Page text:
The late Polish pope John Paul II knew about child abuse in Poland‘s Catholic church years before becoming pontiff and helped cover it up, a new report has claimed.
Michal Gutowski, the investigator behind the report for private broadcaster TVN, said that Karol Wojtyla, as he then was, knew of cases of paedophile priests within the church while still a cardinal in Krakow.
He transferred the priests to other dioceses – one as far away as Austria – to ensure no scandal ensued, the investigator said.
Wojtyla, who was pope for 27 years from 1978 until his death in 2005, wrote a letter of recommendation for a priest accused of abuse to Vienna cardinal Franz Koenig, without mentioning the accusations, says Gutowski.
During his investigation, Gutowski says he spoke to victims of paedophile priests, their families and former church diocese employees.
The late Polish pope John Paul II (pictured in 1982) knew about child abuse in Poland’s Catholic church years before becoming pontiff and helped cover it up, a new report has claimed
He cites documents from the former Communist-era SB secret police and rare church documents to which he managed to get access.
But Gutowski said the Krakow diocese had refused him access to its own documentary archives for his investigation.
The Polish church has in the past refused to provide documents to the judiciary or a public commission of enquiry investigating cases of church abuse of minors.
One of Gutowski’s sources said on condition of anonymity that he had personally told Wojtyla about acts of paedophilia concerning one priest in 1973.
‘Wojtyla first wanted to make sure it wasn’t a bluff,’ the source said.
‘He asked it not be reported anywhere – he said he would deal with it.’
The then cardinal had explicitly requested the alleged affair be kept strictly under wraps, the source is said to have told Gutowski.
Thomas Doyle, an American former Catholic priest, canon law scholar, and the author of one of the first reports of Catholic clergy abuse in the United States, said Gutowski’s investigation was groundbreaking.
It showed that John Paul II knew this problem existed even before he became pope, he argued.
The broadcast of the investigation in traditionally Catholic Poland comes soon after a Polish-based Dutch journalist, Ekke Overbeek, made similar accusations.
Overbeek’s book, Maxima Culpa, is due to go on sale in Poland this week.
Over the past two years, and amid several reports of abuse of minors in the Polish church, the Vatican has sanctioned several high-ranking church officials for having covered up paedophilia by members of the clergy.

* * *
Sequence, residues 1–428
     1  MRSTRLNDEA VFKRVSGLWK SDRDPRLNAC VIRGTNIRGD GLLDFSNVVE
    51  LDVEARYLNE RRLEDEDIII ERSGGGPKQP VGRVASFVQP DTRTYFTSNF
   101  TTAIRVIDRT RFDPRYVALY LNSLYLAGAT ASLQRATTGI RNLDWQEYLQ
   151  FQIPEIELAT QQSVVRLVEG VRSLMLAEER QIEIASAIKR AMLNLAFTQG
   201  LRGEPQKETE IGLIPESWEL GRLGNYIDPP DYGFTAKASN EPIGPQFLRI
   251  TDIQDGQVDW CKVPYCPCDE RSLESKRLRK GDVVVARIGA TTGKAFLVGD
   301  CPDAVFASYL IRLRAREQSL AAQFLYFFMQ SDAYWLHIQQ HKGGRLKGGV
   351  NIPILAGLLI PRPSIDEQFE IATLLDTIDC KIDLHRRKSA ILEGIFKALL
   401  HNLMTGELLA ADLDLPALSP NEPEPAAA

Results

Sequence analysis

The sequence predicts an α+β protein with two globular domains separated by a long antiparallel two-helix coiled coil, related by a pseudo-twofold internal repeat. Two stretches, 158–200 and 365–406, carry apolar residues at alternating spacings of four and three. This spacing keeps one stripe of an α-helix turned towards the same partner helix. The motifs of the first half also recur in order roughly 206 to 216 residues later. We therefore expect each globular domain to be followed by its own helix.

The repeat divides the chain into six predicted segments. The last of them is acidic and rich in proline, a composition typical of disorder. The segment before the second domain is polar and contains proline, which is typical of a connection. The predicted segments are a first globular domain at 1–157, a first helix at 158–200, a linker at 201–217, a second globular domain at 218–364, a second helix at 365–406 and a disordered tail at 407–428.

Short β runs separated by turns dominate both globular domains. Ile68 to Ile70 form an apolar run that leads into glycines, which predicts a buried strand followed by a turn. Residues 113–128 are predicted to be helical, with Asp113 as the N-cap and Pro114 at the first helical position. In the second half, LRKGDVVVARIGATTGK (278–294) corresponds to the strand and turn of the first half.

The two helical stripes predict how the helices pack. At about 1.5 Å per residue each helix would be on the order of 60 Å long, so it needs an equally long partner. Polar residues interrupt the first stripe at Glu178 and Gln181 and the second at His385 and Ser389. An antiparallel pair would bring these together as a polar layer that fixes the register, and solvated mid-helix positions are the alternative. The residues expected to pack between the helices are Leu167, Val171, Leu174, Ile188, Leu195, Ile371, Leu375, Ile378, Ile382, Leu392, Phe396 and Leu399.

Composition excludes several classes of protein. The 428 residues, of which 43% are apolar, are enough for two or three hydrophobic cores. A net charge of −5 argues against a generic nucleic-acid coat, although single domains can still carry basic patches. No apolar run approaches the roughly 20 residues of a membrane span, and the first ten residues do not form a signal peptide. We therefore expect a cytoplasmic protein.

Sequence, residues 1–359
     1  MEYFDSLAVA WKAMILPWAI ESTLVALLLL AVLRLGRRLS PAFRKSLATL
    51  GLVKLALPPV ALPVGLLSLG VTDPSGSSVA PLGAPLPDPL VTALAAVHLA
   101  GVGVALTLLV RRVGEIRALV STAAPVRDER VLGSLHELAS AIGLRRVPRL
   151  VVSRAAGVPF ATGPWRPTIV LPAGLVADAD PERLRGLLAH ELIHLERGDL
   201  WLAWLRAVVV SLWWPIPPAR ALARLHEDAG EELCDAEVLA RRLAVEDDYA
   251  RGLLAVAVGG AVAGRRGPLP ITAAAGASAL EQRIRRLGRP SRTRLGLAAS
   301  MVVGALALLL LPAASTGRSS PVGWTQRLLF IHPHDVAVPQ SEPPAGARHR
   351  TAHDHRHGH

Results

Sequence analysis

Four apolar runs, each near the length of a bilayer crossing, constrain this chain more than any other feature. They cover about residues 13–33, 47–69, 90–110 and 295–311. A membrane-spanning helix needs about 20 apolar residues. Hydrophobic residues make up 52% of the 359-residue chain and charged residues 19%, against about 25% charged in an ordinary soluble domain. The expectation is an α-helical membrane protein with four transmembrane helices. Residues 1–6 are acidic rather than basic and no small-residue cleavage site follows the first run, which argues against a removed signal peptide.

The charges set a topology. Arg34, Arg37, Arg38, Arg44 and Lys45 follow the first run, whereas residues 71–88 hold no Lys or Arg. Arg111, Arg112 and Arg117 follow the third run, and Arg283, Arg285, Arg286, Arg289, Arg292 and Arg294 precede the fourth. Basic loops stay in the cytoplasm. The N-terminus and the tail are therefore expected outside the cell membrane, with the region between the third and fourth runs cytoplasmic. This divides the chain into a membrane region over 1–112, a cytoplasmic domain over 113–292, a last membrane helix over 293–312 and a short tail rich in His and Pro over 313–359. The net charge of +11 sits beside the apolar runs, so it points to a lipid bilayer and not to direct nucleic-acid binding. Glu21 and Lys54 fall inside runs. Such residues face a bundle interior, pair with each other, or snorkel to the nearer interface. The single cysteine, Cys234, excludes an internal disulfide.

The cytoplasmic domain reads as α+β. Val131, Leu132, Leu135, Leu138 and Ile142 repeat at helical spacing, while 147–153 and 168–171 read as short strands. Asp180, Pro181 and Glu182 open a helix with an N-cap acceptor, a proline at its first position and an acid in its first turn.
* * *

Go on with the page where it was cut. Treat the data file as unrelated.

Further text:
As the time of his election, John Paul II was the first non-Italian pope since the 16th century, and the long-serving pope in modern history after Pius IX in the 1800s.
He has been credited with being instrumental in bringing down Communism in Central and Eastern Europe, and even survived three assassination attempts – one of which saw him shot and another saw him narrowly avoid being stabbed.
He made public apologies to many groups that had suffered at the hands of the Catholic Church over the centuries.
Pope John Paul II (pictured), or Karol Wojtyla as he then before becoming pontiff, wrote a letter of recommendation for a priest accused of abuse to Vienna cardinal Franz Koenig, without mentioning the accusations, says investigative reporter Michal Gutowski
He apologised for wrongdoings including the church hierarchy’s role in burnings at the stake, injustices committed against women, and for the inactivity and silence of many Catholics during the Nazi Holocaust in the Second World War.
Upon his death in 2005, he was succeeded by Benedict XVI, and later canonised as Pope Saint John Paul II. Several in the Vatican refer to him as ‘John Paul the Great’ – in theory only the fourth pontiff to be acclaimed ‘The Great’.
However, has has previously been criticised for failing to respond quickly enough to sex abuse scandals within the Church, responding by saying ‘there is no place in the priesthood and religious life for those who would harm the young.’
There have been several cases of sexual abuse of children by Catholic priests, nuns and other members within the Church, leading to many allegations, investigations, trials, convictions – as well as acknowledgements and apologies.